Wednesday, November 23, 2016

November Pass Or Pages Entry #3

Time for our favorite part of Pass Or Pages, the feedback reveals! We hope that everyone following along will get something out of these reveals that they can apply to their own writing. I did!
We are so grateful to our agent panel for critiquing these entries. We would also like to give a shout-out to the authors for being brave and willing to improve.



Living[CG1] in an Italian/Spanish neighborhood has its advantages, and twelve-year-old Mitch knows how to maneuver his way around the hood. If Rat Ears and No Neck hadn’t played a school prank earning him[CG2] the nickname Skeletor Mitch, he wouldn’t have accepted their challenge to compete at a treacherous game of JUNKYARD DOG. But the idea of besting them and winning the prize, the school’s Marshal Badge, has its perks. For one thing, he’ll end their reign of terror. Humiliating the thugs[CG3] will be sweet. But the idea of losing is painful—he’d be labeled the biggest dork ever.[RP1]

Enlisting the help of his best friends, things don’t go as planned and instead of gaining supporters, Mitch ends up the underdog. On top of that, all efforts to win over the Bullmastiff that guards the junkyard of creepy old movie props backfire.

Its doomsday Monday, the street has been blocked off; the drones are ready to go live on Snap Chat, and the whole school shows for the event of a lifetime—including the mafiosos.[RP2] Armed with a glow in the dark watch, a bag of cat food, his lucky chicken legs, and a treasure map, he sets off on a scavenger hunting adventure. When the game goes awry, Mitch has to choose: save the lives of his sworn enemy and lose or go for the gold.[CG4]

MG JUNKYARD DOG 56k-words[CG5]

Rebecca's Notes:
[RP1] I have a lot of questions about what’s going on in this paragraph, because there’s a lot of plot. What does living in an Italian/Spanish neighborhood have to do with the skillset Mitch needs, and what does he need it for? What is Junkyard Dog? Is Skeletor Mitch a bad name (it seems better than Rat Ears.) What kind of game is Junkyard Dog, and what’s a Marshal badge? Piquing an agent’s curiosity is good, but you don’t want to confuse them by throwing too much down at once. I would be cautious going forward.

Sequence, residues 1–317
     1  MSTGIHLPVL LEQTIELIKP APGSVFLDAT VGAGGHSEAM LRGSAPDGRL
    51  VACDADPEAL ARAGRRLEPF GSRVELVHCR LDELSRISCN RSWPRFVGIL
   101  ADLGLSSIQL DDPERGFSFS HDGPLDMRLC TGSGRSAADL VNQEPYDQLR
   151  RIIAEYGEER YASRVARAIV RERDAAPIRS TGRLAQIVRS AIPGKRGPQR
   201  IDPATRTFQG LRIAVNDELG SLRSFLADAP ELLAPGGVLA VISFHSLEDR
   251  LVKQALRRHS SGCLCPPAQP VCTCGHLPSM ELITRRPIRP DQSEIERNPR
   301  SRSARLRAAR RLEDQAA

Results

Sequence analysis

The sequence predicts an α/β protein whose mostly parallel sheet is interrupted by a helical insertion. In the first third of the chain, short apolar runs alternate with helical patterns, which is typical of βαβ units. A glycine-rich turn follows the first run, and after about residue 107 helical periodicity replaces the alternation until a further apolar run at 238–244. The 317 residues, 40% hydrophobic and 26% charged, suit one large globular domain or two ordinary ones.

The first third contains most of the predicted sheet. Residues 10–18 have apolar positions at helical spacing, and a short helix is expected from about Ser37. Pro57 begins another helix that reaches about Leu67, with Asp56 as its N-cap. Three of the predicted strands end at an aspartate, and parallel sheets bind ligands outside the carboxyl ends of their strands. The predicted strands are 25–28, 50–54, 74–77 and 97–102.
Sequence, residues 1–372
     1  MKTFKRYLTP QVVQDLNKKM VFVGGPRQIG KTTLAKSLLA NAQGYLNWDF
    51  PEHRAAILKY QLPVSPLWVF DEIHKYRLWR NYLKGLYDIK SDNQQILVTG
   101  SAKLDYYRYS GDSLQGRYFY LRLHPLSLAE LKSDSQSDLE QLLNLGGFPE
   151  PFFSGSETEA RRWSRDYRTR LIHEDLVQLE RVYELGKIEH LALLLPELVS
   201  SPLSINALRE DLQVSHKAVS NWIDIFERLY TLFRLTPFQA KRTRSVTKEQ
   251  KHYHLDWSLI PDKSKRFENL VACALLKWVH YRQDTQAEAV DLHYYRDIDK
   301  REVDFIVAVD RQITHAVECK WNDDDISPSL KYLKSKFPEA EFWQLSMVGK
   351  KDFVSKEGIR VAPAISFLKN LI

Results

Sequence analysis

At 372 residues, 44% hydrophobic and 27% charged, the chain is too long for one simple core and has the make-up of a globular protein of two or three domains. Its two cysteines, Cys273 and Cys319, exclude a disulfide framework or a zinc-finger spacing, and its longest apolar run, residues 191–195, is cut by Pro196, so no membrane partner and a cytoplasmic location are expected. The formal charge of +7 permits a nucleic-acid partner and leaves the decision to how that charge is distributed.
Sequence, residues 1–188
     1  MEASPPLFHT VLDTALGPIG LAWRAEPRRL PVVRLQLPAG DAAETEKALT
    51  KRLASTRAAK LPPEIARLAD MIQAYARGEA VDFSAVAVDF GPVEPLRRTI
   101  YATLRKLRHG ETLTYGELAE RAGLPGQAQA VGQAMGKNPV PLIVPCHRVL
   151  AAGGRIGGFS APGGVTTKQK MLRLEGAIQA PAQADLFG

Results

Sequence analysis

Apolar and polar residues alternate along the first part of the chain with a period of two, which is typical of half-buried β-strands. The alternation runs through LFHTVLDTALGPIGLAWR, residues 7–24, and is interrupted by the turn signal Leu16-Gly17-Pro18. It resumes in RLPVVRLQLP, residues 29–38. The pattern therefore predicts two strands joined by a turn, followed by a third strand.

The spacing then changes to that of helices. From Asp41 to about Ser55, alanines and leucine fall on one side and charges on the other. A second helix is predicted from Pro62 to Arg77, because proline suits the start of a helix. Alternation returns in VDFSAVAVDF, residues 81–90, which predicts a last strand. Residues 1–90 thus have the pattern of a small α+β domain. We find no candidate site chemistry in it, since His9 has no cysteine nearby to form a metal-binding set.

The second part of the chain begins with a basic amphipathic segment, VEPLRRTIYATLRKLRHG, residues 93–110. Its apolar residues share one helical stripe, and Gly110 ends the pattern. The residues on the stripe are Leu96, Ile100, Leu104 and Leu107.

[RP2] I might stop reading here, because I wouldn’t know what was happening. I thought this game was just between him and the bullies like a dare, but now the town seems to be involved (blocking off the street) and the drones make me think this is sci-fi, though Snap Chat seems like a strange forum for this, and I don’t know where the mafiosos came from. And I still don’t know what this game is, that it requires a treasure map. There are some cool elements here, but in a query I look for who a character is, what they want and what’s at stake, and I’m not sure of any of that. So it would make me wary of what story I was getting into.

Clelia's Notes:
[CG1] I always recommend starting with an introductory paragraph that includes contextual information plus a one line pitch that includes your hook and will get a reader interested in knowing more.